Biju Chacko who was once a student here at the seminary, for his Doctoral paper, wrote on Pastoral or Ministerial Identity. He says that ministerial identity develops from four different directions. –Skills (My confidence in my identity as a minister or servant of God is tied to skills I have developed in the field in which I serve. Makes sense.) –Community (The community— our church or denomination affirms our identity with titles, ordination, certifications, offices, formal roles, and so forth. Informally, one may also be identified in the larger community as a man or woman of God) –Calling (In this context, it is the sense that God has a fairly well-defined plan for your ministerial path, and that you are, for the most part where God wants you to be, doing what God wants you to do.) –Self-Perception (This is the vaguest one. This includes an understanding of one’s own personality, attitude, and character. It deals with one’s own insecurities, fears, hopes, boundaries, sense of limitedness, and more. The seminary wants each of you to develop a strong healthy Ministerial Identity. In fact, the Mission Statement of PBTS, supports this. To train God-called and church-affirmed men and women for Christian ministry. To Train relates to Dr. Chacko’s item for skills. PBTS seeks to help you develop skills that support your ministry and ministerial identity. God-Called relates to Dr. Chacko’s item on calling– the seminary seeks to help you develop a clear understanding of the pilgrimage that God has placed you on. Even though we ask you to describe your calling to be admitted into PBTS, the fact is that most students come to seminary with a very limited… murky sense of what God is doing in their lives. As such, seminary is a place where they struggle with this idea.Church-Affirmed lines up with Dr. Chacko’s item for Community. Affirmation comes through the church. But we must understand that the seminary has an important role in the affirmation of its students for ministry. The only one not listed in our mission statement is self-perception. That is the hardest one in some ways because it deals with a lot of deep-seated issues of past and feelings about self. There are people who are senior citizens who have been very successful, but are still desperately trying to succeed to silence the self-doubt that is part of their inner monologue. Success doesn’t silence deep hurts and doubts.What happens when one’s ministerial identity is weak? Let’s consider John. John is new to ministry. As such, his skills are not well-developed yet. His sense of calling is still quite uncertain. The community in which he serves may like him but still treat him as a child. Or, conversely, they may treat him like an expert, tempting John to fake his own confidence and competence in the hopes of not being found out. I can relate to John and maybe you can too. I remember coming to the Philippines back in 2004. Celia and I would be invited to speak in churches or other events. They would call me a missionary or a pastor… but I wasn’t sure if that was true. Is that who I am? Am I a missionary, am I a pastor? Or am I a guy who at almost 40 years of age underwent a mid-life crisis, quit his job and went on an extended vacation 9000 miles from home. One day I hope to know the answer.Or consider Susan. She is in ministry, but her denomination, or perhaps her church, or broader community doesn’t value her because in their setting, women do not take on ministerial leadership roles. Or perhaps it is not about being a woman, but about being single or not having children. Or not having formal training. The lack of affirmation from those around her, can even make her question the legitimacy of her own calling. We had a student here, one of the top students in her graduating year. She goes back to her home and is asked by her home church to plant a satellite church. So she does this and it quite rapidly grows to a nice healthy young church. Soon, a pastor in that same community, no connection to her church, nor even of the same denomination, goes to her parents, not to her, and tells them that their daughter is going to hell… because (1) she is in ministry… and (2) she is a woman— two facts that I believe her parents already knew. Now… personally, I am unaware of any verse in the Bible that says that a woman cannot plant a church. I am even more certain that the Bible does not teach that violating culturally sanctioned gender roles is the unforgivable sin dooming one to eternal torment. But when someone who is a pastor refuses to affirm, and even denies calling— there are few who can brush it off. It sticks, it stings, and it stinks. Or consider Brian. Brian had a sinful past. He couldn’t let go of his feeling of unworthiness… and periodically he would meet someone who would remind him of his unworthiness to serve as a minister. In the Bible. We have Moses who was a murderer. We have Paul who rejected Jesus’ ministry and persecuted Christians. And I think the past affects the minister later. Perhaps that is why the Calling from God for those two had to be so extravagant. Talking burning bush for Moses and blindness tied to a voice from heaven for Paul. Even then both struggled at time with their ministerial role and identity. In fact, even years later Paul was concerned that many people considered him to be a “second-tier apostle,” and Paul even started a fight with Peter over an issue that was at best trivial, and at worst wrong. Having a poor ministerial identity can sabotage your service to God and your people.. For me, my favorite example of the struggle to come to terms with ministerial identity is Elisha. I would like you to read with me one of my favorite passages in the Bible. It is II Kings 2:23-25. If you are of the Orthodox tradition, it is 4th Kings.23 He went up from there to Bethel; and while he was going up on the way, some small boys came out of the city and jeered at him, saying, “Go up, you baldhead! Go up, you baldhead!” 24 And he turned around, and when he saw them, he cursed them in the name of the Lord. And two she-bears came out of the woods and tore forty-two of the boys. 25 From there he went on to Mount Carmel, and thence he returned to Samaria.When I was very young I had a Bible story book for kids, and it actually had this story in it– pictures and everything. No idea why they thought it was a good story to tell children. But the story fascinated me because it was a bit of a mystery. How does one make sense of it. The passage contains no commentary to it— was Elisha in the wrong? Were the boys in the wrong? Or maybe both were wrong. The Bible does not say. So I read commentaries or heard sermons where this story is mentioned. Some sermons use it to give the lesson that you should not insult or speak ill of your pastor. (A rather self-serving interpretation I must say.) But I suppose one could use it as a reminder that it is not nice to be not nice. But then Elisha was even more not nice.Often the commentators start from the presumption that Elisha must have been doing the right thing… because he was Elisha. Wouldn’t it be wonderful to have people believe that everything you do is correct? I don’t know. They note that there was no direct condemnation of Elisha in the passage— nothing to indicate whether what he did was deemed good or bad. But the Bible often doesn’t. Literally four chapters later, is a story of two women who had conspired to kill their infant sons and eat them. There was no moral comment placed there in the text as to whether this was good or bad. It is almost as if God thought that we could hear a story and know bad actions when we hear them. But maybe we can’t. What I can say, is that if you read the entire chapter of II Kings 2, you find it is about the process of passing on the role of lead prophet from Elijah to Elisha. Transfer of authority, office, and power in a ministry is always difficult, and the whole chapter is… quite awkward really— like neither Elijah nor Elisha really knew how to deal with it. Instead of going through the whole awkward chapter, I will quickly note four somewhat awkward moments. Awkward Moment #1. The will. Elijah offers to give Elisha anything he wants before Elijah departs. Elisha asks for a double portion of his Spirit. Elijah seems to me to be a bit taken aback by the statement, and I can understand why. If you are taking over a church from a well-loved older pastor and he asks if there is anything he can do before he leaves… I don’t really recommend you saying to him… “Let me be twice as good of a pastor as you. Let me be twice as good of a preacher, counseling, administrator, and teacher as you.” I don’t recommend it. To some it will sound of hubris. To others it will sound of insecurity. Neither look good on you.Awkward Moment #2. After Elijah was taken up into the heavens and left the mantle or cloak for Elisha to take, he returns to the Jordan River and seeks to cross the river miraculously the way Elijah had done earlier. He repeats the miracle of Elijah using the same cloak of Elijah. He was repeating what he saw… showing he had mastered a skill (Good). But he is struggling to embrace the role of lead prophet, so he say “Where is the Lord God of Elijah?” He was calling on God, but triangulated through Elijah. After I earned my doctorate here, one of the professors would always call me Doc. Hey Doc Bob. How are you doing today Doc. I told him one day that he really did not need to do that. He said, I know… but your role has changed, and you need to really embrace a new role and a new title. That is harder than it sounds… it took Elisha a little while to see the Lord God as his God.Awkward Moment #3. Returning to the school of the prophets they recognize that he has replaced Elijah. However, they wanted to go look for Elijah to see if he was okay. Maybe the whirlwind dropped him on a mountain somewhere. Elisha says don’t bother. But they persisted until the Bible says he was too embarrassed to refuse, and so they went. The prophets respected his position, but did not listen to his words. Much like a person new to a role, he had the authority of position, but not of performance. Influence takes time.Awkward Moment #4. Walking past Bethel, Elisha is seen by people in the village. It says a bunch of young boys or young men came out to taunt him. They started chanting “Go up, you bald head.” Most likely the story of Elijah going up into the heavens had already reached them. So saying to Elisha to “go up” is a call to do what Elijah did. Calling him “baldhead” is probably a bit of a reference to his contrast with Elijah. Elijah is described as a hairy man, although some interpret the Hebrew differently. Elijah was larger than life. A man that had to be respected even if not liked, and perhaps feared more than respected. If so, it is like they were saying. “You may be wearing the cloak of Elijah. You may think of yourself as the new Elijah… but next to Elijah, you are nothing. You don’t come close to comparing to Elijah.” That’s tough. Replacing a great leader or at least a popular leader is difficultI know a church where that had a well-loved pastor. He was there for many years and the church had grown by over 600% during his ministry. When he stepped down to do other things, the church brought in a younger guy to take his place. This younger pastor was okay, but soon found himself overwhelmed with dealing with a larger church that he did not know how to handle. People began comparing him to the former pastor. People started to move away to other churches. Eventually the new pastor resigned, and then he stepped out of Christian ministry completely. Struggling with ministerial identity can be difficult. It can show itself in different ways. One may feel that one is a fraud. That one doesn’t deserve to be in ministry. But you feel that you have to put on a fake front for others. It is difficult when people see the mask but not the real you. But it is also difficult when people come along and appear to see behind the mask… exposing one’s shame. Elisha gets angry and curses at his tormentors. A childish response to childish behavior. We dealt with a counseling case of a woman who cursed her daughter for something she had done. She said that she wished her daughter dead. The daughter died in a freak accident a day or two later. The mother was inconsolable because of the loss and because of the belief, right or wrong, that somehow her words had caused the death of her own daughter— Words that could never be taken back. This was a deeply crushing event in her life. Elisha’s childish behavior brought horrifying results. Perhaps in the past he could say whatever he wanted. He could vent his anger however he wished. But now his voice has authority. His words have power and his behavior has consequences. Did Elisha learn from this? Maybe. Elisha did place curses two more times. One of these was making the Syrian army blind… but two verses later he restores their sight. On a second occasion, Elisha cursed his servant Gehazi with leprosy and on his descendants forever. Since we know of no such family line in which every family member has leprosy, I must suspect that Elisha reversed that one as well at a later time. All other miracles of Elisha were ones that brought joy and healing to people. I like to think that he learned something. In some ways he learned it too late, but he did learn. Seminary is a good time to gain a sense of your ministerial identity.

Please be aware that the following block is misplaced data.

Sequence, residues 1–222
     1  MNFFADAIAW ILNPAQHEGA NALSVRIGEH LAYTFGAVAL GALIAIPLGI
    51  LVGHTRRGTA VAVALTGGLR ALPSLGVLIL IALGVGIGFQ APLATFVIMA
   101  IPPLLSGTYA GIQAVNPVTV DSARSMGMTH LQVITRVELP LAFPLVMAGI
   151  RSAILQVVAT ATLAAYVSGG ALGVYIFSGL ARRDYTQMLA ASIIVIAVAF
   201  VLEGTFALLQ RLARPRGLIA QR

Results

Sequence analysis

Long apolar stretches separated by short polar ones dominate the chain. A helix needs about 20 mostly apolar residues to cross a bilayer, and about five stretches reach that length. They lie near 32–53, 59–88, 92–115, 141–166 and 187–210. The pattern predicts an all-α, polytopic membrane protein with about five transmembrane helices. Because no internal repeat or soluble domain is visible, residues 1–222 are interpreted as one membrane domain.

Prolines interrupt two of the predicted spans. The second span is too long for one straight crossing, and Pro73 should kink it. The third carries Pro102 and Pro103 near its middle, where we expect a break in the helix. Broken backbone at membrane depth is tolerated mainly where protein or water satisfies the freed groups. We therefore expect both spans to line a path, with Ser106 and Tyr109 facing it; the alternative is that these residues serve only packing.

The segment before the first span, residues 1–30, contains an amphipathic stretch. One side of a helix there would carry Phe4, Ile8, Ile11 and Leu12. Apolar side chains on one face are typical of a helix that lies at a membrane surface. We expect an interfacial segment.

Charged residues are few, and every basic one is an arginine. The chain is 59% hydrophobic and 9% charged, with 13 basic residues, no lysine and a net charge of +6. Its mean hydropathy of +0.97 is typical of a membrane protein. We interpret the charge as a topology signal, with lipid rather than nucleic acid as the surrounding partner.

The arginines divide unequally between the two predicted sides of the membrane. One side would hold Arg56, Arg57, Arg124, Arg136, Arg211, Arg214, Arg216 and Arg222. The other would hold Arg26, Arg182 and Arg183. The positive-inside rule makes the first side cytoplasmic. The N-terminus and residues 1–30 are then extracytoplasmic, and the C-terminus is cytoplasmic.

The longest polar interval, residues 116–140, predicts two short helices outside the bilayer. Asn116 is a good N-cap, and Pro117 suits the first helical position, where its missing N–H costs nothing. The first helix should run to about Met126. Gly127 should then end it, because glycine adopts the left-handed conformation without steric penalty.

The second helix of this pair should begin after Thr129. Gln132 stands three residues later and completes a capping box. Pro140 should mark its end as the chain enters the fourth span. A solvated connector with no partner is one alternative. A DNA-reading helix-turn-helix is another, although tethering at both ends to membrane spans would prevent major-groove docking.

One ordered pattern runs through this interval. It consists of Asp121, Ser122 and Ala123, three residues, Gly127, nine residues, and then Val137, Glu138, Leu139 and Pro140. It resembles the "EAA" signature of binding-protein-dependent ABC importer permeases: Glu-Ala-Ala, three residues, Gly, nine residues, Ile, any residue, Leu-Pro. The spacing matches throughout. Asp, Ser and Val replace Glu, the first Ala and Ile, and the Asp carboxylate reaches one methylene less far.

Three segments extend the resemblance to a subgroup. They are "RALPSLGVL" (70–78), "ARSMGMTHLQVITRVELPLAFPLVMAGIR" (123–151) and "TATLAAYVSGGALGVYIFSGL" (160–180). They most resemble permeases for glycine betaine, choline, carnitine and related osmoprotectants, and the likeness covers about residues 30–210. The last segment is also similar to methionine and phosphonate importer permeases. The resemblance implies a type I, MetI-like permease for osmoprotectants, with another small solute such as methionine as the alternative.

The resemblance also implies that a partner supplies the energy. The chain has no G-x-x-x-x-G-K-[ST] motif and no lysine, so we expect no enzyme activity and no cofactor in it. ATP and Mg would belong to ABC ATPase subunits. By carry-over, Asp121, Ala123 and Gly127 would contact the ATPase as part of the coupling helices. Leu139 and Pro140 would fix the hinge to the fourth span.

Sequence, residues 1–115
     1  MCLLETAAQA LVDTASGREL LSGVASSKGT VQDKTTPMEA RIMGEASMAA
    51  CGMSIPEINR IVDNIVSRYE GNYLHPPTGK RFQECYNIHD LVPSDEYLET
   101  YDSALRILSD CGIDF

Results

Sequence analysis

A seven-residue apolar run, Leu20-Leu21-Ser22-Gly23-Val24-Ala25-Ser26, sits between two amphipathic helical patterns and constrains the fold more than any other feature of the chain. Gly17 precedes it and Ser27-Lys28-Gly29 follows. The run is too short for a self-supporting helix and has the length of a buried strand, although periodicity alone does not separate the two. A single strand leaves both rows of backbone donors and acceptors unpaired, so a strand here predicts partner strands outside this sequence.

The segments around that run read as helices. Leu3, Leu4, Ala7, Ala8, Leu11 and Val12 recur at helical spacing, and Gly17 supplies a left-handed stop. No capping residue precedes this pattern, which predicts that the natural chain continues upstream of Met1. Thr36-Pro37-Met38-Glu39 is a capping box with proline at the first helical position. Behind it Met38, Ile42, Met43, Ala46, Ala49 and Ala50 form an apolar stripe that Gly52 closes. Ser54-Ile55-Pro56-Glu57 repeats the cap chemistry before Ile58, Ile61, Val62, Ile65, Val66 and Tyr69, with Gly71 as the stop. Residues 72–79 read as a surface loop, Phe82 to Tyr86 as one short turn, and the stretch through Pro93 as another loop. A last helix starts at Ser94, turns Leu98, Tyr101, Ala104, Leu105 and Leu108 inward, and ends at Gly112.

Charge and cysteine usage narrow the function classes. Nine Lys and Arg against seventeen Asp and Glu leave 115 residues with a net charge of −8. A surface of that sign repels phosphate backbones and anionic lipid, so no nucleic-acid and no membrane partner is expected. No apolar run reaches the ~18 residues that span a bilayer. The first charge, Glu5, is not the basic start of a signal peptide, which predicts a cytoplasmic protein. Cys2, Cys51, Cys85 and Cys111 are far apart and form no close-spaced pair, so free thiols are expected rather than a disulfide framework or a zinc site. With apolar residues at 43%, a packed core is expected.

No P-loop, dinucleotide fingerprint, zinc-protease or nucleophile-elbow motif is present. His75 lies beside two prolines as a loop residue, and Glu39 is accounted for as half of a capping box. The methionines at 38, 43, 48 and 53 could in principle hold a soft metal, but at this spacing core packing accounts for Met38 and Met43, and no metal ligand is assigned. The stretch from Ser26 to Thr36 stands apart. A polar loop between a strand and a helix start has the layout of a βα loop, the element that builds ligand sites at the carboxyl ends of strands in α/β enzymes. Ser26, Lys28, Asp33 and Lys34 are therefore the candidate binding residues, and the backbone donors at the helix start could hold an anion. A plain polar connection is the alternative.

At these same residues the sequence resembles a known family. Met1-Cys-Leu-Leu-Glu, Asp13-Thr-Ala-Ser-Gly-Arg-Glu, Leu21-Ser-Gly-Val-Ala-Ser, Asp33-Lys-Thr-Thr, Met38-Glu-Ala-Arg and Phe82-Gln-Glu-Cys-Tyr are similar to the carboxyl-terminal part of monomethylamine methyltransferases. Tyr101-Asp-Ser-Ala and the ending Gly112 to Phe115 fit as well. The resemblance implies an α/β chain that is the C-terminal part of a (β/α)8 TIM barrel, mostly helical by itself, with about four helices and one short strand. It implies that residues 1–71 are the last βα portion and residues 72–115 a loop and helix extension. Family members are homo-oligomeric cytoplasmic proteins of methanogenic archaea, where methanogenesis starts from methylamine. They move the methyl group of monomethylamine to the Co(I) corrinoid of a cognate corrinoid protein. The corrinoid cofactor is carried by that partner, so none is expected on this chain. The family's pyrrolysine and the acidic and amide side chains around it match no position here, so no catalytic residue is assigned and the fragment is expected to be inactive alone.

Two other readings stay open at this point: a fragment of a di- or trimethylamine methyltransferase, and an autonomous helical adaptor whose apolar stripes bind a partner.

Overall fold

• It is a good time to learn skills that will provide you with competence in your service to God and to your people.
  • It is a good time to reflect on and gain insight into God’s plan for you… who He has created you to be and what path He has established you to lead.
  • It is a good time to seek competent reliable affirmation of your call to ministry.
  • It is also a good time work through the issues of your past and present that are lurking in your life, behind the mask, to sabotage your testimony and your service.
  • It is further a good time not to base your self-worth on your detractors— those who compare you to others, or the trolls who simply prefer to destroy than to build up.
  • It is a great time to develop a Godly character— one who can return good for evil.

Ministry is tough. But it is far tougher if you do not have a firm understanding of who you are and what your place is in God’s work.